Brian Billick believes Alex Smith has all the skills needed to be successful.
Then again, he felt the same way about Kyle Boller, the first-round flameout he coached for five seasons in Baltimore.
And Billick, the Ravens’ coach from 1999-07, has also scratched his head as plenty of other highly drafted, strong-armed, athletic signal-callers have never sniffed respectability, let alone a Pro Bowl.
“There’s absolutely no reason why Alex Smith can’t be successful,” Billick, now a FOX analyst, said in a phone interview Wednesday. “Intelligence. Arm. Vision. Hard worker. I mean, it’s all there. It was all there for Kyle Boller. It was all there for (first-round bust) Heath Shuler. It was there for – I mean, you can go right down the list. It was all there for any of those guys.
“Why does it sometimes not add up somehow? Maybe it is the circumstance. With Alex, we’ll find out because I think he is in a good situation now.”
Billick, the offensive coordinator when the Vikings scored a then-record 556 points in 1998, knows quarterbacks. And he knows Smith well. He pored over plenty of current film preparing for the two 49ers games he worked on FOX last year. In one of those games, he saw Smith post a career-best 130.9 rating in a 40-21 win over the Seahawks at Candlestick Park. He’s discussed Smith with Packers coach Mike McCarthy and Chargers coach Norv Turner, among the most respected of the six offensive coordinators Smith has had in his six-year career.
So why does Billick believe Smith has yet to have much success? As he mentioned, it could be due to the circumstances often cited for Smith’s largely disappointing career: A so-so supporting cast and a laundry list of coordinators overseen by two-defensive-minded coaches in Mike Nolan and Mike Singletary.
But Billick believes those dreary days are over. He raved about Niners offensive coordinator Greg Roman, who Billick hired as his assistant offensive line coach in Baltimore in 2006. Roman, of course, is working in tandem with Jim Harbaugh, whose in-game quarterback counsel won’t consist of “do better” delivered at 200 decibels. And Billick then ticked off the offensive talent “(Vernon) Davis at tight end, a healthy Frank Gore, a good solid receiving corps and I love the offensive line.”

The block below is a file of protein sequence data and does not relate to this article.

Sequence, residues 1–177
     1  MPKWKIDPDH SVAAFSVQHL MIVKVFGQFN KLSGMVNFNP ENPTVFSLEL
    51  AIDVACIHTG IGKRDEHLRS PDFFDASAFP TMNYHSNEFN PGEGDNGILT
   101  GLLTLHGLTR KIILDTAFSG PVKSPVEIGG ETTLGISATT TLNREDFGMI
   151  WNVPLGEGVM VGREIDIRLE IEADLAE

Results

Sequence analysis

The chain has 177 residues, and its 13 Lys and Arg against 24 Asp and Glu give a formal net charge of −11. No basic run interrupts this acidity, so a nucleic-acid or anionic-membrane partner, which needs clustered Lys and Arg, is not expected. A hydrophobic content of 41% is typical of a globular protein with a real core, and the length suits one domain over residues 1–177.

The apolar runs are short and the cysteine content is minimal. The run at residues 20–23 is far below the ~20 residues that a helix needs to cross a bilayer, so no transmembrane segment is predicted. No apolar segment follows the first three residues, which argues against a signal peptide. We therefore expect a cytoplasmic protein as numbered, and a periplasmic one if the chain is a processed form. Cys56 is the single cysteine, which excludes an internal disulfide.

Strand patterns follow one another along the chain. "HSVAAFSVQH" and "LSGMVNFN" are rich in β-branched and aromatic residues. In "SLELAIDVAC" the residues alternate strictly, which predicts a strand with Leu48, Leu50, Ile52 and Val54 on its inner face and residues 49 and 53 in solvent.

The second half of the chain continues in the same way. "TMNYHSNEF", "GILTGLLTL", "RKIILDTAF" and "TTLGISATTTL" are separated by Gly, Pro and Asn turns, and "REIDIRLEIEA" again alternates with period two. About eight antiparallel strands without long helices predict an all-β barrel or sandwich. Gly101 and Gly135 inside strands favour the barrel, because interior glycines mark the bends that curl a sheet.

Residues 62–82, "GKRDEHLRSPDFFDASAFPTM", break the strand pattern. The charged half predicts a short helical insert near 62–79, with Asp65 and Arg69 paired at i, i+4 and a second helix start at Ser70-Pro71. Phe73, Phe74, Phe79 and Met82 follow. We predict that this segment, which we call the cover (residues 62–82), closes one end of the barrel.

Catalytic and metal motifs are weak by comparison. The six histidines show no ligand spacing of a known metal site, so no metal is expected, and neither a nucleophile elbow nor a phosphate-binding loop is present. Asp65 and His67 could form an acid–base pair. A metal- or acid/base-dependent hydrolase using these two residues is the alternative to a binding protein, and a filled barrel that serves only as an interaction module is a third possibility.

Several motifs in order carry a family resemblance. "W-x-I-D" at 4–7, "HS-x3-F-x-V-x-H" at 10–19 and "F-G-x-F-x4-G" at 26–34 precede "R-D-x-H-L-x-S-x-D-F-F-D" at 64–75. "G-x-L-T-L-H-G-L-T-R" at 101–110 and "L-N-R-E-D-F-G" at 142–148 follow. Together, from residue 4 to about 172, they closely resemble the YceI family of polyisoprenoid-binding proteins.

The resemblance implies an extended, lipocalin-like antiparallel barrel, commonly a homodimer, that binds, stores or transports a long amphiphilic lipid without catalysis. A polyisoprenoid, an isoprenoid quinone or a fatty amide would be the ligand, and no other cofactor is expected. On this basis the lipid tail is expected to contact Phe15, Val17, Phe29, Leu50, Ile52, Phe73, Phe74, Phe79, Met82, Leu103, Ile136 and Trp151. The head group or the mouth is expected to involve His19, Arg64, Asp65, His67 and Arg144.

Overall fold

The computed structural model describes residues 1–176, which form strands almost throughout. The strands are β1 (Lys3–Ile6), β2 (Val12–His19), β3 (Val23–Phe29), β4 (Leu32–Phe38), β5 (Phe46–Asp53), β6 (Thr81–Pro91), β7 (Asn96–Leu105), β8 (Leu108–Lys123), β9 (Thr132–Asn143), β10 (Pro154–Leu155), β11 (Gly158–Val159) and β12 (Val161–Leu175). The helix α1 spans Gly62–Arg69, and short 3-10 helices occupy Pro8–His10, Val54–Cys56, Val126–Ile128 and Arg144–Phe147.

Can Smith alter the trajectory of his career? Why not. That’s a phrase Billick used more than once in discussing Smith’s situation. But he doesn’t expect to see Smith suddenly transformed.
“He’s got some things to step up to, but it’s certainly an excellent opportunity,” Billick said. “Is there going to be this miraculous day-one conversion of Alex Smith? I don’t know that I’ve seen that before. That has less to do with Alex than it just doesn’t happen like that. I can’t think of a circumstance that all the sudden there’s this miraculous change in a player. Can he progess to that? Possibly. He’s a smart guy. He’s got all the tools.”
But does he have the intangibles – leadership, mental toughness, swagger – needed to move beyond mediocrity? Billick said Smith could put those question to rest with a stellar season.
“At the end of the day, the quarterback, more than any other position, leads by production,” Billick said. “So that is what you’re talking about — if you produce then all the sudden you have that ‘it’ factor.”
Billick said he’s intrigued to see what will happen should Smith come back for a seventh season in San Francisco, a possibility that now appears to be an eventuality.
He understands Harbaugh’s wooing of Smith. There’s the matter of the lockout limiting the Niners’ options, but there’s also the possibility of Smith, who just turned 27, becoming a top-end quarterback.
Billick isn’t necessarily convinced that will happen. And he suggested that not even Harbaugh is certain Smith’s tools will finally translate to success.
“Alex is going to be given every opportunity,” Billick said. “But they took Colin Kaepernick for a reason.”